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  1. Attentional Resolution.Sheng He, Patrick Cavanagh & James Intriligator - 1997 - Trends in Cognitive Sciences 1 (3):115-121.
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  • Sensory Substitution and the Human–Machine Interface.Paul Bach-Y.-Rita & Stephen W. Kercel - 2003 - Trends in Cognitive Sciences 7 (12):541-546.
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  • Synthetic Synaesthesia and Sensory Substitution.Michael J. Proulx - 2010 - Consciousness and Cognition 19 (1):501-503.
    Visual information can be provided to blind users through sensory substitution devices that convert images into sound. Through extensive use to develop expertise, some blind users have reported visual experiences when using such a device. These blind expert users have also reported visual phenomenology to other sounds even when not using the device. The blind users acquired synthetic synaesthesia, with visual experience evoked by sounds only after gaining such expertise. Sensorimotor learning may facilitate and perhaps even be required to develop (...)
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  • Visual Experiences in the Blind Induced by an Auditory Sensory Substitution Device.Jamie Ward & Peter Meijer - 2010 - Consciousness and Cognition 19 (1):492-500.
    In this report, the phenomenology of two blind users of a sensory substitution device – “The vOICe” – that converts visual images to auditory signals is described. The users both report detailed visual phenomenology that developed within months of immersive use and has continued to evolve over a period of years. This visual phenomenology, although triggered through use of The vOICe, is likely to depend not only on online visualization of the auditory signal but also on the users’ previous (albeit (...)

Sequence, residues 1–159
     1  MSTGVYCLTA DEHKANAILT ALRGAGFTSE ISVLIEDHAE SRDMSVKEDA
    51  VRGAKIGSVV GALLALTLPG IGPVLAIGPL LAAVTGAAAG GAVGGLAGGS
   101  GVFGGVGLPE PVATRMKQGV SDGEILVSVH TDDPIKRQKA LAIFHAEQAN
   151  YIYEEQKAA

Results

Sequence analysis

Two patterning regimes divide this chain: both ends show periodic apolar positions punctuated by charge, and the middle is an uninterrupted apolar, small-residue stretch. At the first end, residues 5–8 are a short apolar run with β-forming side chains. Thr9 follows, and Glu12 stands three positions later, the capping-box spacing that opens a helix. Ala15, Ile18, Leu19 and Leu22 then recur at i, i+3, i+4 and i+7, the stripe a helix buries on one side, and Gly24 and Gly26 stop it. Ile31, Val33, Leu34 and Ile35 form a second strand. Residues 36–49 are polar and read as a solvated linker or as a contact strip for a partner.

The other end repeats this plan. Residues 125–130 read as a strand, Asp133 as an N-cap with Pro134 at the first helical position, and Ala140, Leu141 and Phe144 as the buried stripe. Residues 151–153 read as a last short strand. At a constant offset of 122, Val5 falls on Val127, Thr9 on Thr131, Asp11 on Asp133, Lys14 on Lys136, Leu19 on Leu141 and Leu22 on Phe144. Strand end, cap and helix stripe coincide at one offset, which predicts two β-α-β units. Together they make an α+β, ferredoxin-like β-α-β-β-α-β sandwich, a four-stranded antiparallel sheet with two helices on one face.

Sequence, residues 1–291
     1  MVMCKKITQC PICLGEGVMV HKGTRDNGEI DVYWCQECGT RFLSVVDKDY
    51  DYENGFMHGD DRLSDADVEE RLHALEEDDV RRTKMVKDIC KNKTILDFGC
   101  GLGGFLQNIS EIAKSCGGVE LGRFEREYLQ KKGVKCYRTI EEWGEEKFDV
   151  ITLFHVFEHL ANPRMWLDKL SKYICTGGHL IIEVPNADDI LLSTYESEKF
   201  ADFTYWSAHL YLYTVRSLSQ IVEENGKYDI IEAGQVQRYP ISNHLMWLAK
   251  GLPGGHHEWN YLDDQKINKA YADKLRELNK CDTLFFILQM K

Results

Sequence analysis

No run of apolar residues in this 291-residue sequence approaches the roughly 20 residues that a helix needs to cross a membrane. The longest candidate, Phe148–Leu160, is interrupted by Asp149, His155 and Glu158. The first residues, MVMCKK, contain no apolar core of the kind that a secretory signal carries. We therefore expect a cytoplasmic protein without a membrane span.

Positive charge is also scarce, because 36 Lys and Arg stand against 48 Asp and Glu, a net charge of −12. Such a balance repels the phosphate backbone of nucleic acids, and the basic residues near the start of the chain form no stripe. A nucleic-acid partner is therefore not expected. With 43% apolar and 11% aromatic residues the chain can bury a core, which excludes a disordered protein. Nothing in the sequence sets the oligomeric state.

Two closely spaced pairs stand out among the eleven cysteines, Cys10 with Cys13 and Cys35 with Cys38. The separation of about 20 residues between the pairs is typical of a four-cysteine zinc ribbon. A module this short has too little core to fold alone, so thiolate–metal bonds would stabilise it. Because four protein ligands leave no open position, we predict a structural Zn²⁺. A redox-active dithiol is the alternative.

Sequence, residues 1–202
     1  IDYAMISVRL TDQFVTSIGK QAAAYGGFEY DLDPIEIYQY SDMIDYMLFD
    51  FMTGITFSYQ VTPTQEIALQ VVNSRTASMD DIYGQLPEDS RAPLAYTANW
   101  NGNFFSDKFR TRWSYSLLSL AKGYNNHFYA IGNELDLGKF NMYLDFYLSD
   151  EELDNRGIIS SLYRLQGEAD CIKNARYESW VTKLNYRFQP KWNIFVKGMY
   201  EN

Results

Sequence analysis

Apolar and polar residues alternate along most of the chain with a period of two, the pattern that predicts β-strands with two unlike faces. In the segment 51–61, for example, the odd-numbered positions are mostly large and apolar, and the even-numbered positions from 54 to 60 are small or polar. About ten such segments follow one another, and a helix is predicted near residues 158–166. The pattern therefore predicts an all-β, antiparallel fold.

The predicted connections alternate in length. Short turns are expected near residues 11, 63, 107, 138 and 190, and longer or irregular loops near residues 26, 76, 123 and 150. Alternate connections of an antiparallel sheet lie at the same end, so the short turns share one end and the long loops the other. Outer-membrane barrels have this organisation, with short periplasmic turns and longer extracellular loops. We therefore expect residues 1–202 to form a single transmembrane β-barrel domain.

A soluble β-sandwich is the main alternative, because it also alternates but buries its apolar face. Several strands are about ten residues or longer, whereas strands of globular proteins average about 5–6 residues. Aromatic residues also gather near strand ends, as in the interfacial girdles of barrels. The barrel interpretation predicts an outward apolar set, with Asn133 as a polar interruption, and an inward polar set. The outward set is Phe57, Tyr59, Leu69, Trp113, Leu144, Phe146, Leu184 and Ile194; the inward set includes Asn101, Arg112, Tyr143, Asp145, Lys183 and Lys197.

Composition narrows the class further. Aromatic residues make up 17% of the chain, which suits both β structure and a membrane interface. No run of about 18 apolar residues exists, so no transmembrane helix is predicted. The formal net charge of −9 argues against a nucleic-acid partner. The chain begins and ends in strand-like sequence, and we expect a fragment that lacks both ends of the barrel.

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  • Molyneux's Question: Vision, Touch and the Philosophy of Perception.Michael J. Morgan - 1979 - Philosophy 54 (207):136-137.
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  • Seeing Sounds and Tingling Tongues: Qualia in Synaesthesia and Sensory Substitution.Michael Proulx & Petra Stoerig - 2006 - Anthropology and Philosophy 7 (1/2):135-150.
    In this paper we wish to bring together two seemingly independent areas of research: synaesthesia and sensory substitution. Synaesthesia refers to a rare condition where a sensory stimulus elicits not only the sensation that stimulus evokes in its own modality, but an additional one; a synaesthete may thus hear the word “Monday”, and, in addition to hearing it, have a concurrent visual experience of a red color. Sensory substitution, in contrast, attempts to substitute a sensory modality that a person has (...)
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  • Attentional Resolution and the Locus of Visual Awareness.S. He, P. Cavanagh & J. Intrilagator - 1996 - Nature 383:334-37.
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